That’s what happened after July 4, said Megan L. Ranney, an emergency physician and public health researcher at Brown University. She said a jump in positive tests began between two and four weeks after the holiday, suggesting that many were pass-along infections.
The American Automobile Association forecast that about 50 million people would travel for Thanksgiving. Even if only 1 percent caught the virus, Dr. Ranney said, “that’s an extra 500,000 infections in one day,” and they could infect untold thousands more before showing up in the statistics. “We are looking at an exponential effect,” she said, one that would only truly be seen around Christmas and New Year’s Eve. “It will be a double whammy.”
Lewis S. Nelson, chair of the Department of Emergency Medicine at Rutgers New Jersey Medical School, said he was not certain that Thanksgiving travel and gatherings would create a widespread surge in new cases. The virus has been tricky, he said, and predicting the numbers can be extremely difficult.
“We keep saying we’ll see a bump, but most of these events don’t seem to really materialize into something really concerning,” Dr. Nelson said. “Sometimes what you expect to happen doesn’t happen.”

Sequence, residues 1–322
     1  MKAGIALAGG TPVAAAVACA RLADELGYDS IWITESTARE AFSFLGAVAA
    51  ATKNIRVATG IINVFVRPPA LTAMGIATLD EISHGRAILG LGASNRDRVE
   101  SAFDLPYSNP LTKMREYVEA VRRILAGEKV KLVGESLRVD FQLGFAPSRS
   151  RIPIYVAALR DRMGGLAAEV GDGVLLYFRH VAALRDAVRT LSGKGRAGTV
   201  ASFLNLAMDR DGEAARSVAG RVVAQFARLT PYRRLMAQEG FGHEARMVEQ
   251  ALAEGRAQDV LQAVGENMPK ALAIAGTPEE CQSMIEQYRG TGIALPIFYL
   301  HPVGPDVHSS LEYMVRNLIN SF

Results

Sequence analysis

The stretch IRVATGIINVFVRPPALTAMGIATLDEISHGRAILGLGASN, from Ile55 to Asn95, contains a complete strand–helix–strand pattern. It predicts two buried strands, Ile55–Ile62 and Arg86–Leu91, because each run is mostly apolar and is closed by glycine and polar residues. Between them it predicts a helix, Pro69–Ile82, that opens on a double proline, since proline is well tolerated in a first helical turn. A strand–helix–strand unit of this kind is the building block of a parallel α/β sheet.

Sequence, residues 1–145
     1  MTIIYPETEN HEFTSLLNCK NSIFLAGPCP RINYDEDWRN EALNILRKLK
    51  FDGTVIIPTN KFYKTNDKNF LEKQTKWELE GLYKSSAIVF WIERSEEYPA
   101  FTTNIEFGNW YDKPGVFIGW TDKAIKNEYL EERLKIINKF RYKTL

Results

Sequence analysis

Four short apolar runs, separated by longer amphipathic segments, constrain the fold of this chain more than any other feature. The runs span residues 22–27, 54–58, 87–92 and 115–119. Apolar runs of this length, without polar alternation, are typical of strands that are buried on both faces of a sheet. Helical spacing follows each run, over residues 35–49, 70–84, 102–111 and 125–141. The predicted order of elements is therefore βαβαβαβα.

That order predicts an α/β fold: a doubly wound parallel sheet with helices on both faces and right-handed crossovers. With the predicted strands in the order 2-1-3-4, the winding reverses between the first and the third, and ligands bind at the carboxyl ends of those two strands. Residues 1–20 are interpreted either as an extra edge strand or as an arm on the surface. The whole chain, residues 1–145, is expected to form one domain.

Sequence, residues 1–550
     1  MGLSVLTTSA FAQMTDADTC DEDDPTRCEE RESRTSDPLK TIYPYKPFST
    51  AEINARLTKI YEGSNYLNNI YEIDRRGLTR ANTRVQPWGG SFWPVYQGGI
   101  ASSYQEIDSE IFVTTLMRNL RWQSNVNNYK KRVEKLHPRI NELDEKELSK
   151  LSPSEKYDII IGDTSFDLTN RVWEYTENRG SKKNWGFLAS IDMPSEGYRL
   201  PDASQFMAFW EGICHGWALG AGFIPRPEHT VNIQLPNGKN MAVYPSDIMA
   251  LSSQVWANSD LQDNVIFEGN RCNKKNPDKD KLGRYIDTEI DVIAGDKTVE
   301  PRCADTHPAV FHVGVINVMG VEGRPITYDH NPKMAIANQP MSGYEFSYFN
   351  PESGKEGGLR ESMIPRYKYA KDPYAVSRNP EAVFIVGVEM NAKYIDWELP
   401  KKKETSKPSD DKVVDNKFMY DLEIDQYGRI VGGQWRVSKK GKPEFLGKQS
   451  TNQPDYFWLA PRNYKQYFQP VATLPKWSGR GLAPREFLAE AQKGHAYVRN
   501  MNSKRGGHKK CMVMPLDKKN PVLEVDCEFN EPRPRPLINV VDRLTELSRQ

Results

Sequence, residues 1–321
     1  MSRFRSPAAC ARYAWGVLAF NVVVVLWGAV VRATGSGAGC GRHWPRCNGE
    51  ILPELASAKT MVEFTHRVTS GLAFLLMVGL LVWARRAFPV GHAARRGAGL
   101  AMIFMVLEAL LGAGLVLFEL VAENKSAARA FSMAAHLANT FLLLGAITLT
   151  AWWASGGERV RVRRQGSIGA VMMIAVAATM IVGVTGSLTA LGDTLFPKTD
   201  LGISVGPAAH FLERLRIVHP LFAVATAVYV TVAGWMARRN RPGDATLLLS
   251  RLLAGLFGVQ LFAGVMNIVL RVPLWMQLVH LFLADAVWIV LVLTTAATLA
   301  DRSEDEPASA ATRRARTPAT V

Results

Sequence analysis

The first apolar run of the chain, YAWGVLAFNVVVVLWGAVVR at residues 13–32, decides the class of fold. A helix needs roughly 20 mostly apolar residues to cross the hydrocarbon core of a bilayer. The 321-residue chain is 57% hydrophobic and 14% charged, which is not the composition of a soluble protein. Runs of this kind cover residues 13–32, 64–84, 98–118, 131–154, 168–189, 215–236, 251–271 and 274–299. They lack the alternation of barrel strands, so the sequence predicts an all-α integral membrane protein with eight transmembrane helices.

Even so, he said, “my gut tells me we should remain concerned and attentive.”
Dr. Nelson said his hospital in Newark, N.J., was overwhelmed in April, but is manageable now, even though the state is reporting many more new cases. He said there were currently about 30 coronavirus patients, compared to more than 200 in April, a drop he and his colleagues were still puzzling over.
“Just the whole fact that we are not experiencing April right now is inexplicable at this point,” he said. “People haven’t changed. A lot of us believe maybe the virus has.”
Officials were trying to make sure that any Thanksgiving exposure would be reflected in the data. On Monday, Mayor Bill de Blasio of New York City urged residents who had ignored official guidance and attended Thanksgiving gatherings to get tested.